ATLANTA - Advocates of a ban on a transgender girls playing girls’ sports in Georgia have turned to the state Senate, having gained little traction for their proposal in the House.
The Senate Education and Youth Committee voted 5-3 on Wednesday to pass Senate Bill 266, a measure pushed by conservative groups that would ban people born as males from competing for public schools, or for private schools that play against public schools.
The measure moves to the Senate for more debate.
"It only applies to women’s sports. It goes by your biological sex at birth. A transgender could not participate in a women’s sport," said Sen. Marty Harbin, a Tyrone Republican sponsoring the bill.
Opponents said the bill would single out a group that’s already among society’s most marginalized, making them subject to even more harassment.
"Trans girls are girls and as such should be allowed to participate in girls sports, and the title of this bill being ‘Save Girls Sports’ is offensive and disgusting," said Caroline Holko, a Democrat who lost a state House race last year. "I can guarantee you that it will be litigated and it will end with legal discrimination against trans girls being allowed."
Supporters of the ban had introduced bills in the House and won a hearing, but the House committee has taken no action with Monday’s deadline approaching for bills to pass their original chamber and move on to the opposite chamber. Wednesday was the last day for most bills originating in the Senate to pass out of a Senate committee.
Wednesday’s hearing featured testimony from Matt Sharp, a lawyer for Alliance Defending Freedom, a conservative legal group that is quarterbacking the push for similar bans in a number of states. Sharp was repeatedly pressed by opponents on whether he had any figures on how many transgender girls are playing sports now in Georgia. Sharp said he didn’t know, a common link among proponents of transgender girls sports bans nationwide.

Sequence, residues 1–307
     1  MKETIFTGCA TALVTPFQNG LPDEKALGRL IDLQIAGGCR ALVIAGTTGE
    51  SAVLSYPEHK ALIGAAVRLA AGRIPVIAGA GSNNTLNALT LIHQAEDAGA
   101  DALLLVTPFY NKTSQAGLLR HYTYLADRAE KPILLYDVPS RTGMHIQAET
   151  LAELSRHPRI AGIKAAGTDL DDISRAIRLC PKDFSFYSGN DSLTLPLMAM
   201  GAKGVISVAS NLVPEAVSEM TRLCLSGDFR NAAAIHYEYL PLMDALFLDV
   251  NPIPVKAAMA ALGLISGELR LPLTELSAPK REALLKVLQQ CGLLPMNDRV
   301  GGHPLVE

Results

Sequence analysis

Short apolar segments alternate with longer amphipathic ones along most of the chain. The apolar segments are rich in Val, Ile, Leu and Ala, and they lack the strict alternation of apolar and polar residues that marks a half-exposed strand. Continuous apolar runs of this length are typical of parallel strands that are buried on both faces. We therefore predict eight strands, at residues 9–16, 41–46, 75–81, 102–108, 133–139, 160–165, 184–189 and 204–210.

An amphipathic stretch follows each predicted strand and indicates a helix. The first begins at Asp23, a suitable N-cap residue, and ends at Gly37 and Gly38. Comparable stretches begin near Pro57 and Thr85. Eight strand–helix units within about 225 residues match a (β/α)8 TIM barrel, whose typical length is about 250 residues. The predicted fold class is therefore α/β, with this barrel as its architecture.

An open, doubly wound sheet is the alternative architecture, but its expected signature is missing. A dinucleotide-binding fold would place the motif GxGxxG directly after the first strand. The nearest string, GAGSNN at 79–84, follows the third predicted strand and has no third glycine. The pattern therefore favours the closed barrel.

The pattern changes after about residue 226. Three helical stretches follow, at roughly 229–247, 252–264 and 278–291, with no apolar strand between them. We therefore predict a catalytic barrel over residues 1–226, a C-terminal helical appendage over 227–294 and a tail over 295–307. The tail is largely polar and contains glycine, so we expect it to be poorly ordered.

"It just takes a short period of time for women’s sports to be decimated," Sharp said. "It just shows we need to act to do this before girls lose out on opportunities before records are broken, before they lose out on a spot on the podium."
Georgia is one of more than 20 states with proposed bans this year.
Opponents say transgender girls have been able to play with other girls and women in some sports leagues worldwide since as early as 2004, arguing there is little evidence of widespread harm. Nationwide, 19 states allow full inclusion of trans athletes; 16 have no clear-cut statewide policy; seven emulate the NCAA’s rule by requiring hormone therapy for trans girls; and eight effectively ban trans girls from girls’ teams, according to the National Center for Lesbian Rights.
Roland Behm, board chair for the Georgia chapter of the American Foundation for Suicide Prevention, warned that the bill could increase already high numbers for mental illness and suicide among transgender people. Behm called the proposal "state-sanctioned bullying of some of our most vulnerable citizens."
The bill could violate Title IX of federal education law prohibiting sex discrimination, an executive order signed by Democratic President Joe Biden that prohibits discrimination based on gender identity in school sports and elsewhere, as well as rulings by the U.S. Supreme Court and 11th U.S. Circuit Court of Appeals.
A 2020 Idaho ban has been blocked by a federal judge while a lawsuit is considered.
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